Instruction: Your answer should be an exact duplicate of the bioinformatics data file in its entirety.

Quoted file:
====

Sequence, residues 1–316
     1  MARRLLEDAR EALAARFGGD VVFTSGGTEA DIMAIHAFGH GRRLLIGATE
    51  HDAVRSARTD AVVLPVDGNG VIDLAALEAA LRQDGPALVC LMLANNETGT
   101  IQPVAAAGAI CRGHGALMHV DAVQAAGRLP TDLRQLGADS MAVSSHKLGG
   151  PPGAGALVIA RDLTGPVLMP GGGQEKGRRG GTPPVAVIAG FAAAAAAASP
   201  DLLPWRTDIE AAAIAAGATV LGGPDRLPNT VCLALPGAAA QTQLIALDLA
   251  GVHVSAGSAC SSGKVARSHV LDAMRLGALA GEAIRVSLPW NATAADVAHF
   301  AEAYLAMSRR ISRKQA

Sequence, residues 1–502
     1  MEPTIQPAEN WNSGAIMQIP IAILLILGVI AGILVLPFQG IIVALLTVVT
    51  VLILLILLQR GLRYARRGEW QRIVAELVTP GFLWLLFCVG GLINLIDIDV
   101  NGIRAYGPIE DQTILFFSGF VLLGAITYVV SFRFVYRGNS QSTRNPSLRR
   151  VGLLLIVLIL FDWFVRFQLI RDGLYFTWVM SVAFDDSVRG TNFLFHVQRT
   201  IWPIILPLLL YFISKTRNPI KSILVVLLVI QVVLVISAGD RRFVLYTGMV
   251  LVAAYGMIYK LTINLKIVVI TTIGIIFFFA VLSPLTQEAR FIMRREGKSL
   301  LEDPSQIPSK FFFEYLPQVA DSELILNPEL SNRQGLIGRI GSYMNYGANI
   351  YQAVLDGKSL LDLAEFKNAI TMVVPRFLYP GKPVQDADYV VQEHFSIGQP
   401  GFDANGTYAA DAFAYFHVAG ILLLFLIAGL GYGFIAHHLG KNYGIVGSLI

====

Sequence, residues 1–316
     1  MARRLLEDAR EALAARFGGD VVFTSGGTEA DIMAIHAFGH GRRLLIGATE
    51  HDAVRSARTD AVVLPVDGNG VIDLAALEAA LRQDGPALVC LMLANNETGT
   101  IQPVAAAGAI CRGHGALMHV DAVQAAGRLP TDLRQLGADS MAVSSHKLGG
   151  PPGAGALVIA RDLTGPVLMP GGGQEKGRRG GTPPVAVIAG FAAAAAAASP
   201  DLLPWRTDIE AAAIAAGATV LGGPDRLPNT VCLALPGAAA QTQLIALDLA
   251  GVHVSAGSAC SSGKVARSHV LDAMRLGALA GEAIRVSLPW NATAADVAHF
   301  AEAYLAMSRR ISRKQA

Sequence, residues 1–502
     1  MEPTIQPAEN WNSGAIMQIP IAILLILGVI AGILVLPFQG IIVALLTVVT
    51  VLILLILLQR GLRYARRGEW QRIVAELVTP GFLWLLFCVG GLINLIDIDV
   101  NGIRAYGPIE DQTILFFSGF VLLGAITYVV SFRFVYRGNS QSTRNPSLRR
   151  VGLLLIVLIL FDWFVRFQLI RDGLYFTWVM SVAFDDSVRG TNFLFHVQRT
   201  IWPIILPLLL YFISKTRNPI KSILVVLLVI QVVLVISAGD RRFVLYTGMV
   251  LVAAYGMIYK LTINLKIVVI TTIGIIFFFA VLSPLTQEAR FIMRREGKSL
   301  LEDPSQIPSK FFFEYLPQVA DSELILNPEL SNRQGLIGRI GSYMNYGANI
   351  YQAVLDGKSL LDLAEFKNAI TMVVPRFLYP GKPVQDADYV VQEHFSIGQP
   401  GFDANGTYAA DAFAYFHVAG ILLLFLIAGL GYGFIAHHLG KNYGIVGSLI